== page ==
Spirits of Xanadu – Review
Spirits of Xanadu captured my imagination as soon as my groovy editor (flattery will get you nowhere – ED) slung the review code my way. Set on a stranded research ship orbiting a mysterious planet, players take on the role of an operative sent to resume contact with the small crew, make any necessary repairs, and shepherd the ship and its important scientific cargo safely home.
The game is the work of two independent developers, Allen Trivette and Lee Williams and is published by Night Dive Studios. The game is certainly an impressive achievement for just two developers. Your journey starts as your operative arrives and docks with the Xanadu. There is no introduction. No tutorial. You start, just standing in your small shuttle as it docks. You could step out your ship and blunder around, but if you open the briefcase on the console you’ll get an introductory audio log thanking you for accepting your mission, explaining what you need to do and wishing you luck. Then you’re on your own.
The graphics are basic. There aren’t many textures or details, but this just gives everything a clean sterile look. You’re on a spaceship, after all. The sound, particularly the ambient sound is great. There are always sounds in the background. Engines humming, or vents hissing, or … other less distinguishable noises. This sets the atmosphere for the game perfectly. The ship is foreboding, and you will feel nervous. It won’t help that the power is out when you arrive and you’re in the dark. The ship’s computer makes announcements throughout the game, sometimes asking all the crew to assemble in one area of the ship or another, which adds to the creepiness when you eventually discover their fate. As the game progresses your character starts to suffer from hallucinations which added some extra awesomeness and creepiness to the proceedings.
Spirits of Xanadu evoked memories of playing System Shock which, in my opinion, means the dev team did a pretty good job. It’s probably not a fair comparison though, as Spirits is ultimately a much shorter and simpler experience.
Much of your time will be spent carefully searching every nook and cranny of the ship for audio logs, reports and other clues to the goings on. There is no set order in which you need to accomplish your tasks, although you can makes things easier or harder for yourself depending on how you proceed. You will need to be alert and attentive, and piece together what you need to do to get the Xanadu to its final destination. There aren’t any puzzles as such to solve, but you will need to piece together various pieces of information to re-activate Xanadu’s various systems and access some areas.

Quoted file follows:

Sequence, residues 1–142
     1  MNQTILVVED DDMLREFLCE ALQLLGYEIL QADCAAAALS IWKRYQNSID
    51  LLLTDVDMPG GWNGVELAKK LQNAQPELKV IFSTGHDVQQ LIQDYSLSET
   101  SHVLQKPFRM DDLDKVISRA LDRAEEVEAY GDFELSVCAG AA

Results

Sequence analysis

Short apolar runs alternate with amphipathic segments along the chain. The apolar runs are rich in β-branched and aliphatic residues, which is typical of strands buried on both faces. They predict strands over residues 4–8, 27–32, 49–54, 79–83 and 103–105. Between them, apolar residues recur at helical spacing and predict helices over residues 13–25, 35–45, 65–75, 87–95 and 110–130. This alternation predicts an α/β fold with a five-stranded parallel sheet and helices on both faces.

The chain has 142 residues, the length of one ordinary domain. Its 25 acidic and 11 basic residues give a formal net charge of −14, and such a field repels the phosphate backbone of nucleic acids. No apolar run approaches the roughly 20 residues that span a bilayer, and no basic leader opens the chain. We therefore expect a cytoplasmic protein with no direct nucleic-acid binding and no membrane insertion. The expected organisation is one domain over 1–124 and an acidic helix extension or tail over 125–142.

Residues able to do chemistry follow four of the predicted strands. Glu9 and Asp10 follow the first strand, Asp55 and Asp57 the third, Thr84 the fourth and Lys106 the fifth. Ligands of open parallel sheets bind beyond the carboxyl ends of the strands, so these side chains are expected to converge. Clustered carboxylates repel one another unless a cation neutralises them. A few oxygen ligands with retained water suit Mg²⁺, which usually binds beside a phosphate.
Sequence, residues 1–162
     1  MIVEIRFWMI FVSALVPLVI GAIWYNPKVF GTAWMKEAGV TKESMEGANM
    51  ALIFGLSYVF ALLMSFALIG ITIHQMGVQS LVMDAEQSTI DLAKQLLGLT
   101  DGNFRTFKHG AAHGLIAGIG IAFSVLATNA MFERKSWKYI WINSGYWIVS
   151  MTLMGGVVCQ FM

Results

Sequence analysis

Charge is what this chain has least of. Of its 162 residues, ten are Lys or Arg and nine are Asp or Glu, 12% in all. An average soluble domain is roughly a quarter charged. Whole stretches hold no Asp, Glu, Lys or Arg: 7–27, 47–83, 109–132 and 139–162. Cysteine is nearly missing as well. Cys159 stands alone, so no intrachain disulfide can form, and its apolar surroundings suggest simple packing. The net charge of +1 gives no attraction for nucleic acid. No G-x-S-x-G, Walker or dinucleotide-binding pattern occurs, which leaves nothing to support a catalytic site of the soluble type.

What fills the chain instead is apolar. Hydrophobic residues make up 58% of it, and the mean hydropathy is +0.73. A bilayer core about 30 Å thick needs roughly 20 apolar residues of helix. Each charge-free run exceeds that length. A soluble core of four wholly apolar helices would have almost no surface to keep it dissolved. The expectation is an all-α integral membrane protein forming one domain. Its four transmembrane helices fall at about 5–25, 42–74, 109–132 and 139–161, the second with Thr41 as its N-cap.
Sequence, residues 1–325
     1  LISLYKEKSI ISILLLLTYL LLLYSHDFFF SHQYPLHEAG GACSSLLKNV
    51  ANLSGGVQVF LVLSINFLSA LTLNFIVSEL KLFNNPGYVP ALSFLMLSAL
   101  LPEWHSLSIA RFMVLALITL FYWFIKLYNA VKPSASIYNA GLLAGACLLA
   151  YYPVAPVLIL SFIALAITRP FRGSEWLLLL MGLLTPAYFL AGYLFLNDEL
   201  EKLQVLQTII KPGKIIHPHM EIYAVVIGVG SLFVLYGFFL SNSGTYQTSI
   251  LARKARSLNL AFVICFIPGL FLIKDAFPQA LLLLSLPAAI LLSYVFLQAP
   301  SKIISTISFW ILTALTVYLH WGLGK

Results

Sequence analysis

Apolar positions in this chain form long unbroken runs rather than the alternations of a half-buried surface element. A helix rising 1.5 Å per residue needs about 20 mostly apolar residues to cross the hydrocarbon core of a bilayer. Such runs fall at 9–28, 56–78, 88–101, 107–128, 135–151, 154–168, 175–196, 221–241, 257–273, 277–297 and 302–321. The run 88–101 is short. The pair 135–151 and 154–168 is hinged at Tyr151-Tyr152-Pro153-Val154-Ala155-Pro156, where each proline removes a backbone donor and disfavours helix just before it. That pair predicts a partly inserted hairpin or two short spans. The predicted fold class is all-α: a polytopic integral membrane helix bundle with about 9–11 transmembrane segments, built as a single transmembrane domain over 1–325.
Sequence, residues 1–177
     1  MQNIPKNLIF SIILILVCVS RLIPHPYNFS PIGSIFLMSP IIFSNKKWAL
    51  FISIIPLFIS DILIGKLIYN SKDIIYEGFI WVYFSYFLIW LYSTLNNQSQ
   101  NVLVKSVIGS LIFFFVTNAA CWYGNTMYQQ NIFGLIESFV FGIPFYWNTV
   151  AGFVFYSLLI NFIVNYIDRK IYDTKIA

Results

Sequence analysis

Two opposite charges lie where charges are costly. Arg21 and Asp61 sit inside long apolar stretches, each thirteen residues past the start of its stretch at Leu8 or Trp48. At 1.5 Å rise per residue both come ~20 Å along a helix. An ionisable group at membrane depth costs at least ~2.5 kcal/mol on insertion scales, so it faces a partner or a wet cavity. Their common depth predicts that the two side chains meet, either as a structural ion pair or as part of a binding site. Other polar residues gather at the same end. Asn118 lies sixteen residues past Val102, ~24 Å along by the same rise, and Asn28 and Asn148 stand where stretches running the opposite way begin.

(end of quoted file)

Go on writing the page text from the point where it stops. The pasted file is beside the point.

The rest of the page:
Apart from the exploration you will need to defend yourself from the ships contingent of murderous robots. A pistol is available early on, but if you’re in a rush you could still miss it. You will face turrets, mobile cannons (that look a little like Daleks), irritating flying drones and highly annoying androids that charge towards you before exploding. There is no ammo to manage, but some enemies are a bit tough to take down, and I died a lot to androids. If you’re fastidious you can find a shotgun and an SMG for increased firepower. If death by kamikaze robot gets you down (it did me) you can helpfully turn off robot aggression so you can sleuth in peace. The game doesn’t punish you if die (though you’ll miss out on an achievement). You merely wake up in the brig, ready to resume your activities.
Unfortunately for me, I don’t have the patience required by a game like Spirits of Xanadu. I don’t think Spirits will keep the attention of gamers who like things laid out in front of them. I can’t really fault the game for its hands off approach, but I tired quickly of my search for the last few audio logs. At one point I felt that if I had to open one more damn drawer I would go insane! Well, more insane. By that time, my poor in game alter ego was experiencing permanent bad indoor weather (you’ll see) and pronounced auditory hallucinations. Anyway, I managed to achieve only one of the endings (the bad one). It’s quite obvious to me, that should I ever be sent to space to troubleshoot a problem, I would certainly die there. Oh well.
I’m glad I played Spirits of Xanadu. It’s an experience worth having. The story is well constructed, chilling and riveting as it plays out over audio logs and through crew reports and messages. To get the most out of it, however, you need to be patient and methodical.
Joel Guttenberg hearkens from the motherland in deepest, darkest southern Africa, but now calls Australia home. His interest in games led to a career in IT, both of which continue to this day. He occasionally wrangles electrons into stories that are hopefully fit for (e)print and never, ever, sleeps on the job.